Reducing the Stigma of a Mental Health Diagnosis

mental help signs Mental health professionals and those who work in mental health associations work hard to convince their clients not to worry about what others think of their mental health diagnosis. There are mental health awareness months and events devoted to understanding mental illness and to reducing the stigma that is so prevalent in our society so that those affected will not be afraid to seek treatment.

Recently I came across a blog from England (Reduce Mental Health), which had compiled some comments from writers about this very subject, and I thought it would be worth summarizing what some of the authors said.

To reduce the stigma of a mental health diagnosis…

Tell your story. Step beyond the shame that so many experience and let others know what is going on for you and what it feels like to deal with depression, anxiety, schizoaffective disorder, bipolar disorder, and other diagnoses.

Educate others. We cannot rely on those who suffer from mental illness to do the education. We need to hold events, create games, teach students and their teachers about mental illness. If even a single person who learned to understand mental illness shared that knowledge with a friend, we would be making huge strides.

Create videos and use social media to create awareness. We must use more contemporary media to reach the younger populations and to make information easier to absorb. Mental illness is a huge subject and we must deliver the information in small bites (bytes!) that are interesting and understandable.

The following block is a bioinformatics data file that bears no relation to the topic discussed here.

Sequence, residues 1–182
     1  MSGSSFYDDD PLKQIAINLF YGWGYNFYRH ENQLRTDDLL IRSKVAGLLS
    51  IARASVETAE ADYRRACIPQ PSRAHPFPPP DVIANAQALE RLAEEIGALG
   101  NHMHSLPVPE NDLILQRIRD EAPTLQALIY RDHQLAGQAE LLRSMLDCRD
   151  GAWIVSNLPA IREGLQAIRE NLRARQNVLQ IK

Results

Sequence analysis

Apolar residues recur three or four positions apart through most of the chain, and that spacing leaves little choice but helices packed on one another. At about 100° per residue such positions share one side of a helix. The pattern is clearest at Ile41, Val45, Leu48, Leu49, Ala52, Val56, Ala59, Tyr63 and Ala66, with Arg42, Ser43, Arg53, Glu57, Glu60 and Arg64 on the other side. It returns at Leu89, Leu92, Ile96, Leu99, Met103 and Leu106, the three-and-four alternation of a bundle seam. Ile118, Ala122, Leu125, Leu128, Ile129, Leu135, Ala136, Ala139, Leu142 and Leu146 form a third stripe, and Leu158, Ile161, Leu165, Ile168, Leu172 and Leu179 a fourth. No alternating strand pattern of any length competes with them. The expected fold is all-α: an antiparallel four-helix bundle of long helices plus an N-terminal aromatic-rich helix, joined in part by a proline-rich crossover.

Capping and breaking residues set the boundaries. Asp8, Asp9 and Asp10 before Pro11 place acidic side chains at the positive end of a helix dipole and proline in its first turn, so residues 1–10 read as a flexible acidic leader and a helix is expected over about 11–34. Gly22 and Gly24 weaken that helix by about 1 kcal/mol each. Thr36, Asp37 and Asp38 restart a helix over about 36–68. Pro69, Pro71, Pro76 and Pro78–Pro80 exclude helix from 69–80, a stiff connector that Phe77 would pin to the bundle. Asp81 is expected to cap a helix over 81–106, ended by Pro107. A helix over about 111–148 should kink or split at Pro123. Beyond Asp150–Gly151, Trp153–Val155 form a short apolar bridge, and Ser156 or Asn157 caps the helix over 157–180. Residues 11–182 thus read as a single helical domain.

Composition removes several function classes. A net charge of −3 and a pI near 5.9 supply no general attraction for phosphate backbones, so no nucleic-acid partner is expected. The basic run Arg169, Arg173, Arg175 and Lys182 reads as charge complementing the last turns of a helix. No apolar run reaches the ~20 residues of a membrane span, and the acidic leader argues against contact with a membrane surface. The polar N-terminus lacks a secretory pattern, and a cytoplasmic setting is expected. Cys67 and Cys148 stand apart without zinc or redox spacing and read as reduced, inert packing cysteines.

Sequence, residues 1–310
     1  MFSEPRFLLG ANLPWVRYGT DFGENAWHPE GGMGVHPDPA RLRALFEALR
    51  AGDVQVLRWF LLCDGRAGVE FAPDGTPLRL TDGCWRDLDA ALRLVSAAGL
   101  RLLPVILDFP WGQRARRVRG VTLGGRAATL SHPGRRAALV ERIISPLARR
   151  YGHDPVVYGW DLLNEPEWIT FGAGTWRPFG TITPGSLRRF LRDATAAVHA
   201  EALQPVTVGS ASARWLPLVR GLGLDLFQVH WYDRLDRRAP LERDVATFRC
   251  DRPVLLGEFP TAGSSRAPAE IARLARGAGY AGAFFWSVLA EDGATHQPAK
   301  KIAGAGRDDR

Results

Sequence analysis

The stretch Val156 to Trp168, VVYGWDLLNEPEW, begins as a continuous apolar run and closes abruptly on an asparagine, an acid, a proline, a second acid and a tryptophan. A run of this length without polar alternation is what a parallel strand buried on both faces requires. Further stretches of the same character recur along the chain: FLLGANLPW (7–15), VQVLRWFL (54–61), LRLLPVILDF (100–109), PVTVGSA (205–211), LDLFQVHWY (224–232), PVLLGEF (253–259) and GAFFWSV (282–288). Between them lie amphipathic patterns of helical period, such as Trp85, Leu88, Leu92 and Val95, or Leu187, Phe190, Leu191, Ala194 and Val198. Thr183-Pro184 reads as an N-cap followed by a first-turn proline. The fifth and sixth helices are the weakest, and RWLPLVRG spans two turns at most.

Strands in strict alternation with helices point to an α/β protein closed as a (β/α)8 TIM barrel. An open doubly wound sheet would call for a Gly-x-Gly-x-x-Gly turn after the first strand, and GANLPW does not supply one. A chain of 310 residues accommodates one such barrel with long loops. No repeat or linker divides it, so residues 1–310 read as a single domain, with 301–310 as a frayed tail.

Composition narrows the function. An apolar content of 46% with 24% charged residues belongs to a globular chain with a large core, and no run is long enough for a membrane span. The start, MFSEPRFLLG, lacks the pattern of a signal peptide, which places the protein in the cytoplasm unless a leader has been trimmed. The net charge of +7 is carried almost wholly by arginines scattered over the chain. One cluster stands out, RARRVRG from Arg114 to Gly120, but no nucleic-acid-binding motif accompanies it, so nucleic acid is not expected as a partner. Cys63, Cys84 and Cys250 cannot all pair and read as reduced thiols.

Teach people not to give unsolicited advice. Instead, help them learn to ask questions such as “How can I help?” or “What do you need?”

Don’t label. Labels are only useful for two things in the mental health world: to help determine the right treatment and to get an insurance company to pay you. Labels should never be used to identify a person or to determine their self-worth.

Be brave. As hard as it may be, get the help you need just as you would for a physical illness.

Despite a lot of redundancy in the writers’ opinions, it is clear that the stigma of having a mental health diagnosis exists worldwide. I am proud to be part of a profession that helps others, and every time one of my clients feels free to talk publicly about what he or she is going through, I know that I have not only helped to treat their mental illness but have helped them to live genuinely and without shame.

Do you or a loved one need help with this or similar issues? Reach out to me at 732-933-1333 to discuss.

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